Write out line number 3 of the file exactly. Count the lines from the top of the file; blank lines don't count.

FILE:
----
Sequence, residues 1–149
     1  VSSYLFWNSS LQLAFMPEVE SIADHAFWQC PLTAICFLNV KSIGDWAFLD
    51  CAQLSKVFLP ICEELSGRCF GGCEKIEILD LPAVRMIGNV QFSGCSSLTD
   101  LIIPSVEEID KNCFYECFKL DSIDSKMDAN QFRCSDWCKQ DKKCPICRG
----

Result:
    51  CAQLSKVFLP ICEELSGRCF GGCEKIEILD LPAVRMIGNV QFSGCSSLTD